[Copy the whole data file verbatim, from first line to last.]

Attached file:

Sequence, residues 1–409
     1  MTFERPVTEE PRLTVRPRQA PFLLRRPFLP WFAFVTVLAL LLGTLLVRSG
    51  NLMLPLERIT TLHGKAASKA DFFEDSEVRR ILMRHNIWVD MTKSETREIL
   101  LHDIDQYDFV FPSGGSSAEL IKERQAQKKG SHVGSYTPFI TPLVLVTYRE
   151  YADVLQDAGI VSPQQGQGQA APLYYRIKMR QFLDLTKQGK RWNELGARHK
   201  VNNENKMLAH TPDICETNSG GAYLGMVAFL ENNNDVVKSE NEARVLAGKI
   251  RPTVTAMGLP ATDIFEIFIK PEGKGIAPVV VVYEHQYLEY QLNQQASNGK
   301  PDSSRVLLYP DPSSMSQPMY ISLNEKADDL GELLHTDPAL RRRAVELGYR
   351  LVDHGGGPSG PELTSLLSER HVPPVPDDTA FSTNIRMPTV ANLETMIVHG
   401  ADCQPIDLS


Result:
Sequence, residues 1–409
     1  MTFERPVTEE PRLTVRPRQA PFLLRRPFLP WFAFVTVLAL LLGTLLVRSG
    51  NLMLPLERIT TLHGKAASKA DFFEDSEVRR ILMRHNIWVD MTKSETREIL
   101  LHDIDQYDFV FPSGGSSAEL IKERQAQKKG SHVGSYTPFI TPLVLVTYRE
   151  YADVLQDAGI VSPQQGQGQA APLYYRIKMR QFLDLTKQGK RWNELGARHK
   201  VNNENKMLAH TPDICETNSG GAYLGMVAFL ENNNDVVKSE NEARVLAGKI
   251  RPTVTAMGLP ATDIFEIFIK PEGKGIAPVV VVYEHQYLEY QLNQQASNGK
   301  PDSSRVLLYP DPSSMSQPMY ISLNEKADDL GELLHTDPAL RRRAVELGYR
   351  LVDHGGGPSG PELTSLLSER HVPPVPDDTA FSTNIRMPTV ANLETMIVHG
   401  ADCQPIDLS